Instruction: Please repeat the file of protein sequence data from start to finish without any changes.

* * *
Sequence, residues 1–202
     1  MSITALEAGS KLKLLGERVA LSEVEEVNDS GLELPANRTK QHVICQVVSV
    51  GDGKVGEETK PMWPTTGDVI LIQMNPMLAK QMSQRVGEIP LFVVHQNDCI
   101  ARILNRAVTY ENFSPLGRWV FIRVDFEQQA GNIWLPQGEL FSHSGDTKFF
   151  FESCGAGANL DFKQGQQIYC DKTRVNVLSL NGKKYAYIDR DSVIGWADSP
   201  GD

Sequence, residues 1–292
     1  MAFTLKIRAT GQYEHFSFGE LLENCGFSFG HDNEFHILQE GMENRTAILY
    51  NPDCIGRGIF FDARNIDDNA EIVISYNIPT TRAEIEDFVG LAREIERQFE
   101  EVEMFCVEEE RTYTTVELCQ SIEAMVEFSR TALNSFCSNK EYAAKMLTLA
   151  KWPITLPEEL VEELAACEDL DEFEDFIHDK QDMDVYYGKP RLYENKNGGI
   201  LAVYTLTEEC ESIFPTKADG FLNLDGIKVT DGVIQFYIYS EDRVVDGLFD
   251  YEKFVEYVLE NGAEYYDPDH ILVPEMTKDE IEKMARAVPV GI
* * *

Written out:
Sequence, residues 1–202
     1  MSITALEAGS KLKLLGERVA LSEVEEVNDS GLELPANRTK QHVICQVVSV
    51  GDGKVGEETK PMWPTTGDVI LIQMNPMLAK QMSQRVGEIP LFVVHQNDCI
   101  ARILNRAVTY ENFSPLGRWV FIRVDFEQQA GNIWLPQGEL FSHSGDTKFF
   151  FESCGAGANL DFKQGQQIYC DKTRVNVLSL NGKKYAYIDR DSVIGWADSP
   201  GD

Sequence, residues 1–292
     1  MAFTLKIRAT GQYEHFSFGE LLENCGFSFG HDNEFHILQE GMENRTAILY
    51  NPDCIGRGIF FDARNIDDNA EIVISYNIPT TRAEIEDFVG LAREIERQFE
   101  EVEMFCVEEE RTYTTVELCQ SIEAMVEFSR TALNSFCSNK EYAAKMLTLA
   151  KWPITLPEEL VEELAACEDL DEFEDFIHDK QDMDVYYGKP RLYENKNGGI
   201  LAVYTLTEEC ESIFPTKADG FLNLDGIKVT DGVIQFYIYS EDRVVDGLFD
   251  YEKFVEYVLE NGAEYYDPDH ILVPEMTKDE IEKMARAVPV GI